To celebrate his victory, Landrieu hosted a party at Gallier Hall on St. Charles Avenue. Ironically, this historic building was once used as a slave auction house. In addition, the bodies of both Jefferson Davis and P.G.T. Beauregard lay in state at Gallier Hall.
Despite the connections to both slavery and the Confederacy, Landrieu chose Gallier Hall to hold a celebration to mark the end of his racially divisive and counterproductive campaign. It began in the summer of 2015, in the aftermath of the murders of African American churchgoers in Charleston, South Carolina. Despite no grassroots effort in New Orleans to remove Confederate monuments in New Orleans, Landrieu adopted it as his signature cause.
He pushed the issue through the City Council, the courts and successfully intimidated both the Louisiana Legislature and the City Park Improvement Association from doing anything to stop it.
This misguided effort to erase history made national news and helped promote Mitch Landrieu in the Democrat Party. He has delusions of grandeur and believes that destroying Confederate monuments can elevate his status in the Democrat Party and make him a viable presidential candidate. Democrats would be wise to look at his real record in New Orleans.
Landrieu’s tenure as Mayor of New Orleans has been one of pure destruction. Under his administration, the New Orleans Police Department has been decimated while public safety has been diminished. The city retains the unfortunate distinction of being the nation’s “Murder Capital.” Street conditions are getting worse and panhandling is rampant. To pay for his administration’s “services,” taxes and fees have increased. The Mayor has also installed more parking meters, raised rates, added many more red light and speed cameras and developed other schemes to siphon more money from struggling taxpayers.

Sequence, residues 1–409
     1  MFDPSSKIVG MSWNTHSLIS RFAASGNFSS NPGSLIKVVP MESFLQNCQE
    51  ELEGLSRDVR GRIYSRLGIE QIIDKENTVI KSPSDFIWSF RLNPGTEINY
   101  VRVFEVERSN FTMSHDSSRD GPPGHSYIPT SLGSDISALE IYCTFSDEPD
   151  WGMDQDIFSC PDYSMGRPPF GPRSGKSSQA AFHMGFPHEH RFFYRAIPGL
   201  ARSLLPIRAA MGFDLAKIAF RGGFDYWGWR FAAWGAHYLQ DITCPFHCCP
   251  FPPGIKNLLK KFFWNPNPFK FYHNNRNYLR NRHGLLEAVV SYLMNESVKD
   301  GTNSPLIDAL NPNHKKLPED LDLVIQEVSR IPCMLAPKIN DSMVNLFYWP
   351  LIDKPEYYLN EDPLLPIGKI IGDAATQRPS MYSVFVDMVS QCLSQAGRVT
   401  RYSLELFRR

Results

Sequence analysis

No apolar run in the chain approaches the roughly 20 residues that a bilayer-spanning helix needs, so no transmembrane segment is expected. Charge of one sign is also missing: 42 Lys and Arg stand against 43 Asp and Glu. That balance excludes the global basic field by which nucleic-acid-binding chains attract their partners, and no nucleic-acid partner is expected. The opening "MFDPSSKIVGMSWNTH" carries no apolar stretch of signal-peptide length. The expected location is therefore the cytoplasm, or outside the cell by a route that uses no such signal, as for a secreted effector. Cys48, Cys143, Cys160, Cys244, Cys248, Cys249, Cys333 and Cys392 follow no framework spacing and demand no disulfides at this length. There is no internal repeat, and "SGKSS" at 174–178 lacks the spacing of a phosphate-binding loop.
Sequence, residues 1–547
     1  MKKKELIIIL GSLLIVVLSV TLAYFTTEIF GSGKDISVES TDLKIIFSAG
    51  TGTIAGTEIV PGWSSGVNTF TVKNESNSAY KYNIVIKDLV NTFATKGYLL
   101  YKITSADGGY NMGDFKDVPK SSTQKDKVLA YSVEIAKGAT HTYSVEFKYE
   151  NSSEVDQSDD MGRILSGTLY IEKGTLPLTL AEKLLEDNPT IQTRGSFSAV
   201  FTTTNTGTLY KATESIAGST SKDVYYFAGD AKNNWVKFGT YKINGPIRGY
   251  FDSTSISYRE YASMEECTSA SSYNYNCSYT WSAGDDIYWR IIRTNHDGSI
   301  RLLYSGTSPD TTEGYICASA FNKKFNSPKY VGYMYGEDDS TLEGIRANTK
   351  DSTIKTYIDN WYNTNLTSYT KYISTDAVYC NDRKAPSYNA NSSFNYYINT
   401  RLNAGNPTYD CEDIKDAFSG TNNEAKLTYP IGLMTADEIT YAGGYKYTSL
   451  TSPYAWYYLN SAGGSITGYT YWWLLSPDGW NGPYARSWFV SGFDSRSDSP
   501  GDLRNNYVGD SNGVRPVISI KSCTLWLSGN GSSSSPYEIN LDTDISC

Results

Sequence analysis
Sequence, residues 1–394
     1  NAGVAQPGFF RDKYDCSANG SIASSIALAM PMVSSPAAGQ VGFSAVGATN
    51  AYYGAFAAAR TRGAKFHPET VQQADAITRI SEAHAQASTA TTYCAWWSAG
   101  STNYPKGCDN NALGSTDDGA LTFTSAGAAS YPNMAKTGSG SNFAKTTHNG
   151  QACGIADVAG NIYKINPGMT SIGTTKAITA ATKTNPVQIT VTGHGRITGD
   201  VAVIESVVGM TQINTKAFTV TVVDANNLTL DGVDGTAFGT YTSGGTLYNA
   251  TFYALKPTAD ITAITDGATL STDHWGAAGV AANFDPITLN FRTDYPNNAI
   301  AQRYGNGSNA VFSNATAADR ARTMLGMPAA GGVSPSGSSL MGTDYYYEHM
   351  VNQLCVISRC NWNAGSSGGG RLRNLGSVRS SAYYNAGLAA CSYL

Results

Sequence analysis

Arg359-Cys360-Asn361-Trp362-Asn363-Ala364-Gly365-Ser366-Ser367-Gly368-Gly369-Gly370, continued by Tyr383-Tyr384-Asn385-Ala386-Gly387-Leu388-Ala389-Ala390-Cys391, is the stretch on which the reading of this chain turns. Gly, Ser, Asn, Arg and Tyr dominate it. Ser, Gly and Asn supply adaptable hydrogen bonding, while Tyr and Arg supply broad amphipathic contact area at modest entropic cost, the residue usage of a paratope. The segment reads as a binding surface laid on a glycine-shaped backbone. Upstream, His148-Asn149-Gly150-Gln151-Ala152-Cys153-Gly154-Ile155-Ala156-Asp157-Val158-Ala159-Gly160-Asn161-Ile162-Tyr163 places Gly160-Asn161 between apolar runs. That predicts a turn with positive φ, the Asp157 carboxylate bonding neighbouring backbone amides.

While the city has deteriorated, Landrieu decided to deflect attention away from his terrible record and focus on removing Confederate monuments. In the process, he made them the source of ire and protest and racially divided a city known for good race relations.
Throughout his obsessive campaign, he has not exactly been truthful. He claimed that Robert E. Lee had no connection to New Orleans and never been to the city; however, in fact, Lee visited four times, information easily documented.
In court, city attorneys promised that experts would be used to remove the valuable statues. In reality, the Mayor used city workers and firemen, who are not trained in this type of work, to remove statues created by world class sculptors.
The city also promised to store the statues in a warehouse, but they have been placed in a de-facto junkyard, easily visible and accessible to vandals and miscreants looking to damage the monuments.
After these victories against history, Landrieu may join forces with radical anti-monument activists and destroy more irreplaceable statues. At the very least, we can expect plenty more changes of street and school names.
The overall national impact of this quest has been quite negative. After destroying historic monuments and tourist attractions it should not be a surprise to see the number of visitors to New Orleans decline. Among disgusted local people, many have vowed to boycott the city in the wake of the monument removals.
Despite these consequences, Landrieu will celebrate at Gallier Hall and pat himself on the back for everything he has ruined. Just like Nero, who fiddled while Rome burned, Landrieu will live in infamy for reveling in the destruction of New Orleans